President Bush on Friday signed into law a long-debated ethics bill aimed at reining in lobbyists’ influence, including a curb on their ability to lavish gifts on lawmakers.
But a favorite activity for many lawmakers still will be allowed -- accepting free tickets to college sporting events.
Lobbyists for public universities are among those who will remain exempt from a gift ban that will apply to other lobbyists, an incongruity that has drawn criticism. Also exempt are lobbyists for state and local governments and other public agencies.
“Private lobbyists can’t buy members [of Congress] a sandwich, but public lobbyists can still lavish meals, sports tickets, and trips on us. It’s a huge loophole that this bill ignores,” said Rep. Jeff Flake (R-Ariz.).
The legislation, lauded by backers as the most sweeping overhaul of ethics rules for Congress since the Watergate era, was passed in response to a spate of scandals that helped Democrats win control of the Congress in last fall’s elections.
While Democrats cheered the bill as a major legislative triumph, a less enthusiastic Bush signed it without fanfare.
In a statement, he said the measure represented progress, but expressed hope that Congress would do more to crack down on lawmakers’ earmarking federal money for pet projects.
House Speaker Nancy Pelosi (D-San Francisco), however, declared that the new law helped fulfill the pledge by Democrats to “drain the swamp” of corruption.
The measure limits privately funded travel by lawmakers. It also requires lobbyists to disclose campaign contributions they gather from clients, friends and others, a practice known as bundling that has gained attention in recent weeks because of Norman Hsu, the disgraced fundraiser for Democratic presidential candidate and Sen. Hillary Rodham Clinton of New York.
Sen. Barack Obama (D-Ill.), a Clinton rival for the party’s nomination, introduced legislation to force federal candidates to disclose their largest bundlers and the amounts raised.
The measure dictates that lawmakers make public the projects they slip into legislation, though Bush said it includes loopholes that could shield these earmarks from scrutiny. The law doubles -- to two years -- the period that defeated or retired senators must wait before lobbying former colleagues. It also denies congressional pensions to lawmakers convicted of felonies.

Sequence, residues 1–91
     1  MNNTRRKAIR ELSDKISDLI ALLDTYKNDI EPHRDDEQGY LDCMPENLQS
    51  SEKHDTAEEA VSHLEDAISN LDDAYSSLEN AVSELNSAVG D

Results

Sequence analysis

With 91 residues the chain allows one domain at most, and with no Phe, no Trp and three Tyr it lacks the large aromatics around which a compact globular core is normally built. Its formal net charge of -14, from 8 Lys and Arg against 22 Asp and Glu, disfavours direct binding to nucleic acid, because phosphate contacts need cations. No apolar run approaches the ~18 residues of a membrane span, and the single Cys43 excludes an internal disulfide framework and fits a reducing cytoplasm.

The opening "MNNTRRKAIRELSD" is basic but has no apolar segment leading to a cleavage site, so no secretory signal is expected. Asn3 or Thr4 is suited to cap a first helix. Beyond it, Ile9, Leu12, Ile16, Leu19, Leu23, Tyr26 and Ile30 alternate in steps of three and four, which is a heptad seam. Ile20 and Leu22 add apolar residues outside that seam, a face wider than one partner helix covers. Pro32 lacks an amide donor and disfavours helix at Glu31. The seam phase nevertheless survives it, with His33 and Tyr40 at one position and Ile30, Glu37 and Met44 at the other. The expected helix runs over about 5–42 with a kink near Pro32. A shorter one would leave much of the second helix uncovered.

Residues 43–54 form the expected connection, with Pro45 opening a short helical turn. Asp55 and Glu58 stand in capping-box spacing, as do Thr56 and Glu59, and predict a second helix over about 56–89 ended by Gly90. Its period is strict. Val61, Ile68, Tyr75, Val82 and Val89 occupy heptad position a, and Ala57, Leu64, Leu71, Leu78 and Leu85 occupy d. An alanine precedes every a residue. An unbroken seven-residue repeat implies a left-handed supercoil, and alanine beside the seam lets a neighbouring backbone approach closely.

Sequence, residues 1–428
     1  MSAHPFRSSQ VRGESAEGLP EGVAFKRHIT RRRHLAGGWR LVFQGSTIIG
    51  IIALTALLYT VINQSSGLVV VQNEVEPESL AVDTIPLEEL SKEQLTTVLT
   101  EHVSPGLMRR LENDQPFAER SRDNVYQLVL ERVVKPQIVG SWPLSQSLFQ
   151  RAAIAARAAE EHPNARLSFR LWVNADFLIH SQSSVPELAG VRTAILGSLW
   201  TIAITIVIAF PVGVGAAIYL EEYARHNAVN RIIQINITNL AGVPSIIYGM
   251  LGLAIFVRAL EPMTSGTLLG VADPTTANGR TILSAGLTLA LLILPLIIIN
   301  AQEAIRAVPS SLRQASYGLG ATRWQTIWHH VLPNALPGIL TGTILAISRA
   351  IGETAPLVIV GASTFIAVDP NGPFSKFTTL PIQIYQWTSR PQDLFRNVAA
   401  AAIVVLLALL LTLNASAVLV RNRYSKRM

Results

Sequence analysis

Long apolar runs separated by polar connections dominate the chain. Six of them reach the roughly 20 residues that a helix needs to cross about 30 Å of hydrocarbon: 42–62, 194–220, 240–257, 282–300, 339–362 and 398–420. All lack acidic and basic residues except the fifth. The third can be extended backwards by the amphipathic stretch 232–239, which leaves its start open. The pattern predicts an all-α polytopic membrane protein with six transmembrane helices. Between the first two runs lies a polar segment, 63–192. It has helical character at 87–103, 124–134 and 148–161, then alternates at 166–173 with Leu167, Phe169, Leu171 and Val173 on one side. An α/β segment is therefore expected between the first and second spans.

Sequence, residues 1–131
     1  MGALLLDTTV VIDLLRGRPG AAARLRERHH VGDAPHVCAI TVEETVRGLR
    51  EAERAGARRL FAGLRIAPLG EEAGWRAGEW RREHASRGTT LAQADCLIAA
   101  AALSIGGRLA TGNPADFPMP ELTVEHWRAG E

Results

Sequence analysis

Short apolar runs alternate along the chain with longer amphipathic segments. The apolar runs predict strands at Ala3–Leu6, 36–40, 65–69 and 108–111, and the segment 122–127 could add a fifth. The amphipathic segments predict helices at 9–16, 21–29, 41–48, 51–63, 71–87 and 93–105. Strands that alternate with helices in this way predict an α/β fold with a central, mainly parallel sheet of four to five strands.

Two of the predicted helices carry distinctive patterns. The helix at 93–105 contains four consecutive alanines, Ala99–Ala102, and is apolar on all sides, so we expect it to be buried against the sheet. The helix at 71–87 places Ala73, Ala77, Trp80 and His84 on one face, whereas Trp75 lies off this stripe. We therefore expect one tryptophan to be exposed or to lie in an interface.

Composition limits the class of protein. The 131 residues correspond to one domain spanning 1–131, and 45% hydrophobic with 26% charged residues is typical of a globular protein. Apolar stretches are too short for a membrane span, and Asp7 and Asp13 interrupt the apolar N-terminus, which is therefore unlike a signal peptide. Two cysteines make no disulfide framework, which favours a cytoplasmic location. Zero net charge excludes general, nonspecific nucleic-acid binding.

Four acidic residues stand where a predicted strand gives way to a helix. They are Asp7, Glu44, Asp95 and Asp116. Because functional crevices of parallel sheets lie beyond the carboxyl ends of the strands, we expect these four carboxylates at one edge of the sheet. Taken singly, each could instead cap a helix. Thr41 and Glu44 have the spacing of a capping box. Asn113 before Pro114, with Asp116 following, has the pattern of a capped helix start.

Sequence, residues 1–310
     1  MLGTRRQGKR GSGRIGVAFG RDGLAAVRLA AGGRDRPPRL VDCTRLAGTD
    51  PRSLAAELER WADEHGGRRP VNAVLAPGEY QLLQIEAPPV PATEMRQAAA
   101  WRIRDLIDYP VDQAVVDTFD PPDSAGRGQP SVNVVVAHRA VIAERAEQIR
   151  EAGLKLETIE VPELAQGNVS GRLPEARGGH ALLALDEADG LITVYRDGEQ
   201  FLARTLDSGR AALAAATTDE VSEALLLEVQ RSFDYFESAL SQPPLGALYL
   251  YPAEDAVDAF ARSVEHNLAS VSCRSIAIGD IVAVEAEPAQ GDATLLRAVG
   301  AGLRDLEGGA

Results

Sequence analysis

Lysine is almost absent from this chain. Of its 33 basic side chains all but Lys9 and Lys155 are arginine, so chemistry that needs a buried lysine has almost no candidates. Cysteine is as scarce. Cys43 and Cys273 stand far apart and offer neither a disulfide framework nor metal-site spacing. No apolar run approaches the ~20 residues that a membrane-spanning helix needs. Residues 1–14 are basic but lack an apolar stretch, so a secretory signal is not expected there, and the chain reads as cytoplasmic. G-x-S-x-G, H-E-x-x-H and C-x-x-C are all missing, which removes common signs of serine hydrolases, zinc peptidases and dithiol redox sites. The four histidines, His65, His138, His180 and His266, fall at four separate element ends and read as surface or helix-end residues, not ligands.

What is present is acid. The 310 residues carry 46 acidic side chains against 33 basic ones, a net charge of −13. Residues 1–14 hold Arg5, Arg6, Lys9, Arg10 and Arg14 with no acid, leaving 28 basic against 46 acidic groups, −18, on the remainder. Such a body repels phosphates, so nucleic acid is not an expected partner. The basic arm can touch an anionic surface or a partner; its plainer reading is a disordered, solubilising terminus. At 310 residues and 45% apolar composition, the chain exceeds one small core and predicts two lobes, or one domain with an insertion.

The law was spurred by scandals that sent former Republican Reps. Randy “Duke” Cunningham of Rancho Santa Fe and Bob Ney of Ohio and former lobbyist Jack Abramoff to prison. A number of other lawmakers, in both parties, have also come under scrutiny.
Democrats were eager to highlight the ethics bill as a major accomplishment at a time when Congress’ public approval rating was suffering.
“I’m very hopeful that this is the start of a new day in Washington,” said Sen. Russell D. Feingold (D-Wis.).
The loophole that exempts public agencies from the gift ban has come under attack from a number of watchdog groups. Critics point out that local and state agencies, including public universities, spent about $132 million last year on lobbying, often for earmarks.
Despite the exemption, the law will put into effect “far-reaching ethics and lobbying reforms that will help to protect the integrity of Congress and the interests of the American people,” said Fred Wertheimer, president of Democracy 21, which has worked to reduce the role of money in politics.
Wertheimer said that he expected Congress to close the loophole exempting local and state agencies from the gift ban.
“There shouldn’t be a distinction that allows state universities that have lobbyists to give tickets as gifts and prohibits private universities from doing the same thing,” he said. “They all ought to be prohibited, and we are hopeful that this can be fixed sometime in the near future.”
Mary Boyle of Common Cause said the exemption was “not a high priority concern.”
“We do not think this is a big area of abuse, especially compared to the very significant abuses addressed in the bill as a whole,” she said, but added that the organization would advocate change if the practice were being abused.
Policies about free tickets to lawmakers vary among state universities. And it is difficult to determine how many lawmakers receive free tickets because few lawmakers disclose such items.
A University of Texas spokesman said, “Free tickets are offered to members of Congress as a gesture of goodwill and in appreciation for the service lawmakers provide to the state.”
The University of Oklahoma makes one discounted season football ticket available to lawmakers at a cost of $79; it normally sells for $379. All but one member of the state’s congressional delegation took advantage of the offer this year.
“We always welcome the opportunity to bring legislators to our campus,” university President David L. Boren, a former U.S. senator from Oklahoma, said in a statement. “Their visits give us the chance to make them aware of our academic and research programs which are of great benefit to our state.”
Scott Sudduth, University of California’s assistant vice president of federal governmental relations, said he has distributed “no more than a dozen” free tickets to lawmakers for football games in the last decade.
So far this season, he hasn’t received any requests from lawmakers for free tickets.
“But you know what, toward the end of the season, if Cal and UCLA are ranked in the Top Ten, we’ll probably get some requests,” he said.